Day 1 – I met the group at the arrivals hall of Phoenix’s Sky Harbor International Airport shortly after 7 PM. The first bird noted of the tour was a Great-tailed Grackle flying alongside the road at dusk. We made the short transfer back to our hotel and then went for a little bite of dinner before heading to bed to get some sleep.
Day 2 – Just after 7 AM we gathered outside of our hotel. The group saw a few birds as I was loading the van, including Northern Mockingbird and Gila Woodpecker. We headed east to the Riparian Preserve at Gilbert where we spent about 2 hours at this fabulous location. Today was a gorgeous and sunny day with comfortable temperatures, which we
enjoyed very much. Upon arrival we visited a stand of Saguaro cactus where a couple of pairs of Gila Woodpeckers were busy entering nest holes inside the cactus. Curve-billed Thrasher and Gambel’s Quail were seen well near the cactus grove as well and a Mourning Dove fed two hungry youngsters on the ground not far from us. We saw our first of many Black-chinned Hummingbirds here this morning, and we had fair views of the tiny gray and yellow Verdin as they hopped about in the palo verde trees. We caught our first glimpse of the water, a scarce commodity in the desert, and racked up several species including lovely American Avocets, as well as Neotropic Cormorants, Snowy Egrets and an immature Black-crowned Night-Heron. Song Sparrows sang from the trees and eventually we had quite a good view of one of them. Abert’s Towhee also
showed well, scratching about on the ground, while an obliging Olive-sided Flycatcher perched and gave us great scope views. One particular pond was covered in waders, mostly Long-billed Dowitcher, but also a few Least Sandpipers, Spotted Sandpipers and Black-necked Stilts. A few warblers were about as well, including Black-throated Gray, Wilson’s, Yellow and Common Yellowthroat, however the latter remained hidden in the reeds as it sang. Overhead our first Red-tailed Hawk, Harris’s Hawk, Turkey Vulture and a Peregrine Falcon appeared, the latter chasing Cliff Swallows.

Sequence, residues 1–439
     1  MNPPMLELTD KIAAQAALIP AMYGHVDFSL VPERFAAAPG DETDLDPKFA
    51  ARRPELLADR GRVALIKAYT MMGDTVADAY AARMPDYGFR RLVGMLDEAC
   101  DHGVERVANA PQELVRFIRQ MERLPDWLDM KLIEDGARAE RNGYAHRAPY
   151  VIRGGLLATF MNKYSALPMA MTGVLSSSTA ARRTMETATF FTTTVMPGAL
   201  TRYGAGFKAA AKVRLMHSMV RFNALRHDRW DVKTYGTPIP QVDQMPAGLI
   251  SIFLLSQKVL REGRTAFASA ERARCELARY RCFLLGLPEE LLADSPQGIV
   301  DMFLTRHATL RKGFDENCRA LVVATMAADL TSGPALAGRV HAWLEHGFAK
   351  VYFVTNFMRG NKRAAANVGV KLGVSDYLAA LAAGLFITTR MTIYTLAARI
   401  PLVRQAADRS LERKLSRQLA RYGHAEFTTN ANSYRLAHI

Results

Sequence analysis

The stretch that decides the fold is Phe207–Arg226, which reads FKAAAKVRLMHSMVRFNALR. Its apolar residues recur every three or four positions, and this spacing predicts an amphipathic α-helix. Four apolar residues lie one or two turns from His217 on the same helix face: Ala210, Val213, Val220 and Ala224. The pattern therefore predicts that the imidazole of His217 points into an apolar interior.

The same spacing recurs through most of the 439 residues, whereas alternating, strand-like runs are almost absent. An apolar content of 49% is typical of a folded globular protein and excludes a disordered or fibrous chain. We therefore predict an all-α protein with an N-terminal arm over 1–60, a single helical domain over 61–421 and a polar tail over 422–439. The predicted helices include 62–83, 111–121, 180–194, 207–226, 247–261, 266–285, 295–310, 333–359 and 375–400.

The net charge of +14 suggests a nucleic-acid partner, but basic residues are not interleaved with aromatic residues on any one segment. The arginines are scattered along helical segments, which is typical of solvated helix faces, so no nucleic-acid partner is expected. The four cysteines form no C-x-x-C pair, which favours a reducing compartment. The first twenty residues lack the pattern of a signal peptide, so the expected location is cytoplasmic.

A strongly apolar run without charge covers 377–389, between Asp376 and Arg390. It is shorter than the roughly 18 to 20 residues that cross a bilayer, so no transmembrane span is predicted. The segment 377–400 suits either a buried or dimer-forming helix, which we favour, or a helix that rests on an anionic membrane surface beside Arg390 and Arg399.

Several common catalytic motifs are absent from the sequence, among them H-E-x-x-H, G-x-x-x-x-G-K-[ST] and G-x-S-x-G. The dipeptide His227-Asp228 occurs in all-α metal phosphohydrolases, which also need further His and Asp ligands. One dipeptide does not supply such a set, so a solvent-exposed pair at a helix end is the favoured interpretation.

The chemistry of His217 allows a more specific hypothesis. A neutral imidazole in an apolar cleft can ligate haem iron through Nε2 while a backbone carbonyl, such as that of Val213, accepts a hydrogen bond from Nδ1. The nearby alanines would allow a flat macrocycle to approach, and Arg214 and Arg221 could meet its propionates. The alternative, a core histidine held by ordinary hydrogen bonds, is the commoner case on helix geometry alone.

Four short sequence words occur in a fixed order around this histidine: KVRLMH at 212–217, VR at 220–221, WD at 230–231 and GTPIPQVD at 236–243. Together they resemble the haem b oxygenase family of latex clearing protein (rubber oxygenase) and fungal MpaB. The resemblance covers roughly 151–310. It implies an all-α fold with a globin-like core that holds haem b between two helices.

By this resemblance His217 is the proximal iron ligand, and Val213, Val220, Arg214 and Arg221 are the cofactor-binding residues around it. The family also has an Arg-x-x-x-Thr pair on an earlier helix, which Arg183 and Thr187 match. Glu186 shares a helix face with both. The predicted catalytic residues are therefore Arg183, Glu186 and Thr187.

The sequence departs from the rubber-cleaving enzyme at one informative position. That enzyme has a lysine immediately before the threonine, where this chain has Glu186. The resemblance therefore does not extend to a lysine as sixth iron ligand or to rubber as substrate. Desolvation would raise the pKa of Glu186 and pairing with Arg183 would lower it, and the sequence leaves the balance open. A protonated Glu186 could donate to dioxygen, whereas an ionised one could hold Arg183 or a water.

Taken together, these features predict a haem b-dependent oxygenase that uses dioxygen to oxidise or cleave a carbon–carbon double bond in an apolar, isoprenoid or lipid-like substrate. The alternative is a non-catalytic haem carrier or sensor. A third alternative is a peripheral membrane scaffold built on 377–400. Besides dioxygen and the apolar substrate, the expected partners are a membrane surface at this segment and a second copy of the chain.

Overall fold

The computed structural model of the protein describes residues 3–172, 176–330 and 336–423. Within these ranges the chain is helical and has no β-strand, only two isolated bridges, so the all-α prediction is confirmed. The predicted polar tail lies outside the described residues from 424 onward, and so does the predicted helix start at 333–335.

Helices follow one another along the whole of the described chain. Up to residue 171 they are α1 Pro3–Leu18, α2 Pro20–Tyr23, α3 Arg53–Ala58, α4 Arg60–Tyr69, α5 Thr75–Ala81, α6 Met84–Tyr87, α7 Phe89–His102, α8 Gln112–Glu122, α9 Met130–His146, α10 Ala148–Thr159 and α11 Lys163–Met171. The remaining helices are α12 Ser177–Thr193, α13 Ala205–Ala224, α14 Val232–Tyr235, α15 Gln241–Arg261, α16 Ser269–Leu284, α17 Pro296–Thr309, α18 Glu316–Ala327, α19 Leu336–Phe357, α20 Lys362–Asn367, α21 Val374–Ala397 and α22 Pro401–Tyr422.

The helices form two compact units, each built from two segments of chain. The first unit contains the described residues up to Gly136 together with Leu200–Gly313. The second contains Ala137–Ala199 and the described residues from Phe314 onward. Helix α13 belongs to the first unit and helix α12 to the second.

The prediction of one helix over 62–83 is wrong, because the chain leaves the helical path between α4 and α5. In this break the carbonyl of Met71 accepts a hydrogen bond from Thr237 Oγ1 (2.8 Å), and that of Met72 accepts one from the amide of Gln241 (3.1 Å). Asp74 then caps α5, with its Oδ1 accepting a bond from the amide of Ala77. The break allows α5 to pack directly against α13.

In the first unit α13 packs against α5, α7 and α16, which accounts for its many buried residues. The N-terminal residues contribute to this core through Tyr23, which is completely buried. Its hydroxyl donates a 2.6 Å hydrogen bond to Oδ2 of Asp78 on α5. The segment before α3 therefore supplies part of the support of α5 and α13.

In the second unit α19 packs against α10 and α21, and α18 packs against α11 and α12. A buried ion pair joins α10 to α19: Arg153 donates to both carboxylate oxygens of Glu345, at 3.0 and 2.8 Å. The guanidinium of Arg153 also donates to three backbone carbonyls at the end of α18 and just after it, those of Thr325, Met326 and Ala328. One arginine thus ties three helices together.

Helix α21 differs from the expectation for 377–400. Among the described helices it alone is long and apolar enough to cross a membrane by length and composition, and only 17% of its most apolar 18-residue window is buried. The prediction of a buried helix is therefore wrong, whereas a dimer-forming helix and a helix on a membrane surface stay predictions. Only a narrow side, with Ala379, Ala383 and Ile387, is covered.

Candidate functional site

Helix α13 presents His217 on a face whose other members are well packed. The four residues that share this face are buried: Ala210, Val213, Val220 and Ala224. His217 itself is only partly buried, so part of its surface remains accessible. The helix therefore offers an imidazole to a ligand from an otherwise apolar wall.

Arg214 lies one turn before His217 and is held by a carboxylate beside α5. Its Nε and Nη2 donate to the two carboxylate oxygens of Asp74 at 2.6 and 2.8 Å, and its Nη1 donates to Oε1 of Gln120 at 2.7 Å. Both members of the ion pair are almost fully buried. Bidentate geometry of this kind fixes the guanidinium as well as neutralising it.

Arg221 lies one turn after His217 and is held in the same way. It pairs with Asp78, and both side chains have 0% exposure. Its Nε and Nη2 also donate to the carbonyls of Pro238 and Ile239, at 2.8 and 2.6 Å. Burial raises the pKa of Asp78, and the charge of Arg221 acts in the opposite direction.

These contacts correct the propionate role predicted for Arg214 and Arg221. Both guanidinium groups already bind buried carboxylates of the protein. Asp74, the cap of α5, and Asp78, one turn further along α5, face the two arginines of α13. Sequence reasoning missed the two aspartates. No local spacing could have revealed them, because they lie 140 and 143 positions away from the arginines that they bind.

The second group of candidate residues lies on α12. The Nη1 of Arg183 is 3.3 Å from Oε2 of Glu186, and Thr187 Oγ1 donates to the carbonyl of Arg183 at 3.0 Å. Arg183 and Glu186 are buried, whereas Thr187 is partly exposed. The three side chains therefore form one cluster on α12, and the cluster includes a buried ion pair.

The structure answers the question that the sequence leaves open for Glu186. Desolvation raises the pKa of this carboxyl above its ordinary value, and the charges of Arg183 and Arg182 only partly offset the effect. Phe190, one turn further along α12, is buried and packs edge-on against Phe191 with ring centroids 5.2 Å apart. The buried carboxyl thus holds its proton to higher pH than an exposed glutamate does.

It was time to move forward so we carried on from the outskirts of Phoenix towards the east and stopped in to have lunch in the town of Globe. As I was paying the bill, the group did some birding outside, spotting the first Cactus Wren of the tour. Our next port of call was Aravaipa Canyon, a stunning place with impressive towering cliffs and saguaro studded hillsides. I headed for an area where a Common Black-Hawk has nested for years and while we were looking from the road at the bird sitting on the nest, the
property owner came out and invited us onto his property to have a look. From his yard we had very good scope views of the hawk perched in its nest high up in a sycamore tree along Aravaipa Creek. Other goodies here including eye-popping Vermilion Flycatchers, and comparatively drab Black Phoebes. On a patch of shady grass quite a nice assemblage of birds gathered; Lazuli Bunting, Common Yellowthroat, White-crowned Sparrow, Inca Dove and more. A Yellow-breasted Chat flew by, leaving us wanting more. We carried on farther along Aravaipa Road, picking up more birds as we went along such as Lucy’s Warbler, Bell’s Vireo, Summer Tanager and Broad-billed Hummingbird. Overhead, a
Zone-tailed Hawk soared next to a Red-tailed Hawk. Later, our first Gray Hawk was spotted by Andy, wrapping up a pretty good day for raptors indeed. The afternoon was quickly fading to early evening so we carried on into Tucson, checked into our hotel and went for dinner at Chili’s.
Day 3 – At 6 AM we emerged from the hotel and headed off to Agua Caliente Park for some pre-breakfast birding. It was sunny and beautiful this morning. Once we arrived at the park the birds started rolling in with the likes of Hooded Oriole, Vermilion Flycatcher, Broad-billed Hummingbird and Lucy’s Warbler appearing. Down at the little wetland, a ‘big-bottomed’ Mallard swam past, obviously possessing a few ‘barnyard
quacker’ genes. A few Red-winged Blackbirds flashed their brilliant red epaulettes from the reeds on the far side of the pond. I heard the plaintive whistles of a Northern Beardless-Tyrannulet nearby so we scurried off in hopes of seeing this uncommon flycatcher. It didn’t take too long and we had the bird in our binoculars. A nest, which I suspect was the tyrannulets nest, hang from the lower branches of a eucalyptus tree. High in a pine tree I spotted a bulky stick nest with the head of a Cooper’s Hawk sticking up above it. This ‘head view’, plus a brief fly-by view were enough for most members of the group to warrant a tick on the list. In an area of Saguaro Cactus we had some nice birds such as a pair of tiny Black-tailed Gnatcatchers, a Cactus Wren, a Curve-billed Thrasher, a Ladder-backed Woodpecker and three distant Purple Martins! Not a bad start to the day.
After breakfast we headed out again, ascending the twisting Catalina Highway up the slopes of Mount Lemmon. We began at 3500 feet in Tucson and ended up just over 9000 feet on Mt. Lemmon, traveling through 9 different biogeoclimatic zones on the way up. The change in habitat due to the elevation gain is equivalent to driving from Mexico to the Canadian border. Our first stop was at the Cypress Picnic area. Here, we had some
fantastic birds, such as a very confiding Yellow-eyed Junco, several comical Acorn Woodpeckers, a White-breasted Nuthatch, a Mexican Jay and two Spotted Towhees. Two of the better birds seen here as well included a male Arizona Woodpecker and a Grace’s Warbler, the latter of which allowed scope views as it sang from high in a pine tree.